Additionally, the European region even has designated days to celebrate together with beers in hand. “One of the most important dates on the Danish calendar, J-Dag, is the day celebrating the yearly launch of the Christmas beer,” says Williams. “The whole country gets giddy, dressed up and celebrates in the bars and streets.”  

Ingredients in local market Sweden
Getty Images

Cozy up with Hygge Spaces 

At the region’s top watering holes, it’s apparent that designing homey, welcoming spaces guests want to return to again and again is a priority. There’s a “focus on creating a comfortable and inviting atmosphere without clutter or unnecessary embellishments,” says Aguilar.   

Bars often concentrate on the use of natural materials such as wood, stone and leather to help create a warm and inviting vibe that feels connected to the surrounding environment. This follows the Danish concept of hygge “that roughly translates to ‘coziness’ or ‘comfort,’” explains Aguilar. “This can be achieved through the use of warm lighting, comfortable seating and natural elements like plants or artwork.”  

Copenhagen-based bar Ruby executes this principle flawlessly.“Ruby is set in an old apartment and as such, it has to have an element of coziness,” General Manager Michael Hajiyianni explains“The key to the design is having no bad seats, every table has something to look at whether that be a cabinet, art or furniture.”  

Order Like a Scandinavian  

Once you have the right space, a community to celebrate with and the proper skål down, it’s time to order like a local.    

The Scandinavian culinary and drinks world focuses on sustainability and local ingredients. Many bars establish relationships with local farmers, foragers and producers, which provide them with fresh, high-quality ingredients that are unique to the region. Hajiyianni adds that you should try “Scandinavian spirits and produce as much as possible. There are now many great producers of many different spirits and aromatized wines.”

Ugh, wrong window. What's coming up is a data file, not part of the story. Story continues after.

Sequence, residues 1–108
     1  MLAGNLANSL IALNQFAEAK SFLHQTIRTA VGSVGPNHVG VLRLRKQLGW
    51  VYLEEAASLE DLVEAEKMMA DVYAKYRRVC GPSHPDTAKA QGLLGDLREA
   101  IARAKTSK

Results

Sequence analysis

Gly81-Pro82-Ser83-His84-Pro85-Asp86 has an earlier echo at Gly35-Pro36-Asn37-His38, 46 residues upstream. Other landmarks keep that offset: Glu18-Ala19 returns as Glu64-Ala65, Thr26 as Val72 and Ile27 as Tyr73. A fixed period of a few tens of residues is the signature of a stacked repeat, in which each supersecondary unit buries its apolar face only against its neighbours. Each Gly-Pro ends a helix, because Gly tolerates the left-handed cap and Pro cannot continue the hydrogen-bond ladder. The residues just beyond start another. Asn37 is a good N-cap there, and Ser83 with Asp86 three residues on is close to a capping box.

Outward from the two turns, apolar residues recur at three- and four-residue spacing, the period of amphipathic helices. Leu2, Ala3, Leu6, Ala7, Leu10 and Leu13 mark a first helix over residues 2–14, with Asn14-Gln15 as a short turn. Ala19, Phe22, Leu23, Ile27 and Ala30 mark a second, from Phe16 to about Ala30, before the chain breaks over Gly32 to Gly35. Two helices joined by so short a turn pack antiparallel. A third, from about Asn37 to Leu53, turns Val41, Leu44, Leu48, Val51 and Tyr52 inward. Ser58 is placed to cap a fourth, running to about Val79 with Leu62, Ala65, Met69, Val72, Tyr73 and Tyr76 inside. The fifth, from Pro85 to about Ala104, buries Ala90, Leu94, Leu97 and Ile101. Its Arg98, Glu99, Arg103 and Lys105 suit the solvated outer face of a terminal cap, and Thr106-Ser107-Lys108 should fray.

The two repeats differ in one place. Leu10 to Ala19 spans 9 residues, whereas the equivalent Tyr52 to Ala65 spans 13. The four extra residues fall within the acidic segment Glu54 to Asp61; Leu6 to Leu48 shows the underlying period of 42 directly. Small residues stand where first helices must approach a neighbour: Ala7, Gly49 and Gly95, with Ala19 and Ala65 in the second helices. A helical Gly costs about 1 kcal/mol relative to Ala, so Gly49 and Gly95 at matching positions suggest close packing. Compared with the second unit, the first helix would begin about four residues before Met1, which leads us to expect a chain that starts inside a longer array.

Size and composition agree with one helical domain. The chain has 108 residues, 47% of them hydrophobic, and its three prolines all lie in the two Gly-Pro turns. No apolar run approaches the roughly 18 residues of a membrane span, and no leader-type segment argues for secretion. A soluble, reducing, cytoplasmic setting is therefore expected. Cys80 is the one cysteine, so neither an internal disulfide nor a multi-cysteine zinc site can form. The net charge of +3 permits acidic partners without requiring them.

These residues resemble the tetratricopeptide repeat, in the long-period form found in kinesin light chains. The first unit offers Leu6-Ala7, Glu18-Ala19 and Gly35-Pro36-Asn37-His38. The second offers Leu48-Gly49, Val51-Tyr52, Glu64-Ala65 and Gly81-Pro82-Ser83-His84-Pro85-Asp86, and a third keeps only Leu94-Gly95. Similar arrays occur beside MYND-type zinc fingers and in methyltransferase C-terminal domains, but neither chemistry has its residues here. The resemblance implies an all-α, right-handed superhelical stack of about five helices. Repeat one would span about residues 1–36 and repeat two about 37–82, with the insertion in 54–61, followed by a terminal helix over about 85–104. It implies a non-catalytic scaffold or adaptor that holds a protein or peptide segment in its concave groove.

Aguilar notes that his bar also sources spirits and liqueurs from local distilleries and breweries to support the local economy and reduce its overall environmental impact. When selecting ingredients, he prioritizes local and fresh produce, as well as foraged ingredients like berries and herbs that are abundant in the Norwegian countryside (think dill, parsley, tarragon, horseradish, elderflower and more).  

A similar approach can be found at Ruby. “When it comes to our menu, we work mainly with local farms and we have a forager who sources ingredients for us,” Hajiyianni says. “We try not to use too much citrus juice from outside of Denmark. Instead, we like to use apple and sea buckthorn juice. We also make fruit vinegars, using fruit when it is at its peak and extending the shelf life. We love using whey, which is the by-product of yogurt production. It adds a lactic acidity to a drink and is great for sours.”  

When it comes to brands, options like Danish whiskey producer Stauning highlight area ingredients. All ingredients used for its products, except yeast, are local or come from other places in Jutland.  

“Water comes from the nearby water plant and when it is possible we reuse the water,” says Munch. “All our grains are coming from two local farms and for our smoked whisky we use heather and peat from Jutland—the peninsula where we are situated. Last year we put up solar cells to make renewable energy.”

In addition to Stauning, Hajiyianni likes to feature Empirical and many fruit wines from Cold Hand Winery on Ruby’s shelves and in its cocktails.  

Final note  

More important than any item on this list? Being kind to your drinking partners, which is the most Scandinavian trait of all. Remember, “Drinking like a Scandinavian is being together and sharing,” reminds Munch. “We’d rather pour the last drops in the bottle to others than drink them ourselves.”